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ballet

[ba-ley, bal-ey]
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noun
  1. a classical dance form demanding grace and precision and employing formalized steps and gestures set in intricate, flowing patterns to create expression through movement.
  2. a theatrical entertainment in which ballet dancing and music, often with scenery and costumes, combine to tell a story, establish an emotional atmosphere, etc.
  3. an interlude of ballet in an operatic performance.
  4. a company of ballet dancers.
  5. the musical score for a ballet: the brilliant ballets of Tchaikovsky.
  6. a dance or balletlike performance: an ice-skating ballet.
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Origin of ballet

1660–70; < French, Middle French < Italian balletto, equivalent to ball(o) ball2 + -etto -et
Related formsbal·let·ic [ba-let-ik, buh-] /bæˈlɛt ɪk, bə-/, adjectivebal·let·i·cal·ly, adverb
Can be confusedballad ballet ballot
Dictionary.com Unabridged Based on the Random House Unabridged Dictionary, © Random House, Inc. 2018

Examples from the Web for ballet

Contemporary Examples

Historical Examples

  • The ballet's good, the scenery is splendid, and the music might be worse.

  • I have given the necessary orders to the cook for you, and for the ballet.

  • The ballet at Reisenburg was not merely a vehicle for the display of dancing.

    Vivian Grey

    Earl of Beaconsfield, Benjamin Disraeli

  • For instance, suppose the story of Othello the subject of the ballet.

    Vivian Grey

    Earl of Beaconsfield, Benjamin Disraeli

  • The novice hardly believes his eyes: the ballet dancer is also a man.


British Dictionary definitions for ballet

ballet

noun
    1. a classical style of expressive dancing based on precise conventional steps with gestures and movements of grace and fluidity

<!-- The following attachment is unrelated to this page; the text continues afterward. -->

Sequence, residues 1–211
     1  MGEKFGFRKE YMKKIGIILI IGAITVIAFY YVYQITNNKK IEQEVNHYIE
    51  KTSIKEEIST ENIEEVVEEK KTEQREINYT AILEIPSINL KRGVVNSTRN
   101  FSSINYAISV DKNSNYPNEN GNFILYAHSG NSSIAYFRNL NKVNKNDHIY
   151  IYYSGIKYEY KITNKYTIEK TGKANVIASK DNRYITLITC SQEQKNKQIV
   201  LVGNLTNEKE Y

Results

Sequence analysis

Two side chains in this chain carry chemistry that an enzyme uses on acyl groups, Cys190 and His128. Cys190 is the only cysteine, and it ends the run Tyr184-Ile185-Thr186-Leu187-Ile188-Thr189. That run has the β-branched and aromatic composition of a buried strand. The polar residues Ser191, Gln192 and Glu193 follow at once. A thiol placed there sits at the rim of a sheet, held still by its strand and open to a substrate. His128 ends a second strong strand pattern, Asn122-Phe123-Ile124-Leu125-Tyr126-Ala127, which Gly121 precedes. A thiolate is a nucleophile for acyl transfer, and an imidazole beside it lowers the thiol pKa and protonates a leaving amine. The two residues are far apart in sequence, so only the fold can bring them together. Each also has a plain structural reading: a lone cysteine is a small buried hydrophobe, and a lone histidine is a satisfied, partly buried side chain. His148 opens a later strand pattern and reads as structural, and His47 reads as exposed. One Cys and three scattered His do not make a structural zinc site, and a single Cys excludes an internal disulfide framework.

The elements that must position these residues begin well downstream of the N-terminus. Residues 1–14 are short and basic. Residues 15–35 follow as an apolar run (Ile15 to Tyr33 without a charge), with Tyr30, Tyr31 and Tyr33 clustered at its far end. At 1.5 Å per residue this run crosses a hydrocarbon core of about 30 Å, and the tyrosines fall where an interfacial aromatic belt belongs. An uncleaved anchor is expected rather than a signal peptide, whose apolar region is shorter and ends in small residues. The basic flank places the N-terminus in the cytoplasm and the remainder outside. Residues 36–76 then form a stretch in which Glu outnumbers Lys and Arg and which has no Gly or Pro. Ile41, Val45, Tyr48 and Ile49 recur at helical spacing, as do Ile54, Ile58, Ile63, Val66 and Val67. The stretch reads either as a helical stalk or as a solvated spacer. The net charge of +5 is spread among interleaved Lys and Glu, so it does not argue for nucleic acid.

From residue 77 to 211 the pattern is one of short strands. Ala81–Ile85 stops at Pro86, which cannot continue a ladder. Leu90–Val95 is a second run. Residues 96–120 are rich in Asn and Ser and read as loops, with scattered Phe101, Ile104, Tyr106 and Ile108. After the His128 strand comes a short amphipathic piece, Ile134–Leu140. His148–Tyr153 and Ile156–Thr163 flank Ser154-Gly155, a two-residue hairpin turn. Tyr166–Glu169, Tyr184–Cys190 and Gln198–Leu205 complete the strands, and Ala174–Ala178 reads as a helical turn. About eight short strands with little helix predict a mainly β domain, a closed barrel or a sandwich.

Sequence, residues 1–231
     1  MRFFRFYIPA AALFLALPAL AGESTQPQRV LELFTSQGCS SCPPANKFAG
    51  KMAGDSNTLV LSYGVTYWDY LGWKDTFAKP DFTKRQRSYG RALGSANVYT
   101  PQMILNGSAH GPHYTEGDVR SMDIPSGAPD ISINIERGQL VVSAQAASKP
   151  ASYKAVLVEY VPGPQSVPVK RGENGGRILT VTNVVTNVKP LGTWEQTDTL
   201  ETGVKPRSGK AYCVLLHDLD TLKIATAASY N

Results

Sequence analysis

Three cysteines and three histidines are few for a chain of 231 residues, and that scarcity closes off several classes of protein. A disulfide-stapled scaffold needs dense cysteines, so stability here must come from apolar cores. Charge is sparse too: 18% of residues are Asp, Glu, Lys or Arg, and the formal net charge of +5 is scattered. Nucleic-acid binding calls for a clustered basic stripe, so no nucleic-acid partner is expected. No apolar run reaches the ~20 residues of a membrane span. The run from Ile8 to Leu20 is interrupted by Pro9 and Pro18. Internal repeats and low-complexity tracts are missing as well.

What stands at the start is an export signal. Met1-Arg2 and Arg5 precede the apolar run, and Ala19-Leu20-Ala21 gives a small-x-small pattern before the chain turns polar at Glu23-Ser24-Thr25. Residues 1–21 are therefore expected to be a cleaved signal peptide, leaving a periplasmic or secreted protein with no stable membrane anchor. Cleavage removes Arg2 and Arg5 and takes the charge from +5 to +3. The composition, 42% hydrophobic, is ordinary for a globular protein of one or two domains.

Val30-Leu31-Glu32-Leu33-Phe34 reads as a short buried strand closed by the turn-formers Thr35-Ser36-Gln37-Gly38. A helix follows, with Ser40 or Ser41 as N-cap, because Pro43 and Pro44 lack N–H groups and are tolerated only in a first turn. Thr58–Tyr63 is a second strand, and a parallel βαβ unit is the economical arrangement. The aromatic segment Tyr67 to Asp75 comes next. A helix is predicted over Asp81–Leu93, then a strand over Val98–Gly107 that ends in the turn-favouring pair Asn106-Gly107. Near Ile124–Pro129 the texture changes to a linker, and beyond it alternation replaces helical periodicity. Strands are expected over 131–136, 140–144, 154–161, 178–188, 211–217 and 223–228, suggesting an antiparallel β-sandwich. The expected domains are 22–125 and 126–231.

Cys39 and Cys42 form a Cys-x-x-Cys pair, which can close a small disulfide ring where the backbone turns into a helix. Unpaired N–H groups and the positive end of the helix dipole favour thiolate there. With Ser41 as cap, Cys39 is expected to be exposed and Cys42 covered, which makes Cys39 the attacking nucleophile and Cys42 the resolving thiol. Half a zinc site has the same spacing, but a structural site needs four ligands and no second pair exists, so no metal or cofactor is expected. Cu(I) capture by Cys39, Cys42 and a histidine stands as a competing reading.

2. (as modifier)ballet dancer
  1. a theatrical representation of a story or theme performed to music by ballet dancers
  2. a troupe of ballet dancers
  3. a piece of music written for a ballet
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Derived Formsballetic (bæˈlɛtɪk), adjective

Word Origin

C17: from French, from Italian balletto literally: a little dance, from ballare to dance; see ball ²
Collins English Dictionary - Complete & Unabridged 2012 Digital Edition © William Collins Sons & Co. Ltd. 1979, 1986 © HarperCollins Publishers 1998, 2000, 2003, 2005, 2006, 2007, 2009, 2012

Word Origin and History for ballet

n.

1660s, from French ballette from Italian balletto, diminutive of ballo "a dance" (see ball (n.2)). Balletomane attested by 1930.

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Online Etymology Dictionary, © 2010 Douglas Harper

ballet in Culture

ballet

Theatrical entertainment in which dancers, usually accompanied by music, tell a story or express a mood through their movements. The technique of ballet is elaborate and requires many years of training. Two classical ballets are Swan Lake and The Nutcracker, composed by Peter Ilyich Tchaikovsky. Two great modern ballets are The Rite of Spring, composed by Igor Stravinsky, and Fancy Free, by Leonard Bernstein.

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The New Dictionary of Cultural Literacy, Third Edition Copyright © 2005 by Houghton Mifflin Harcourt Publishing Company. Published by Houghton Mifflin Harcourt Publishing Company. All rights reserved.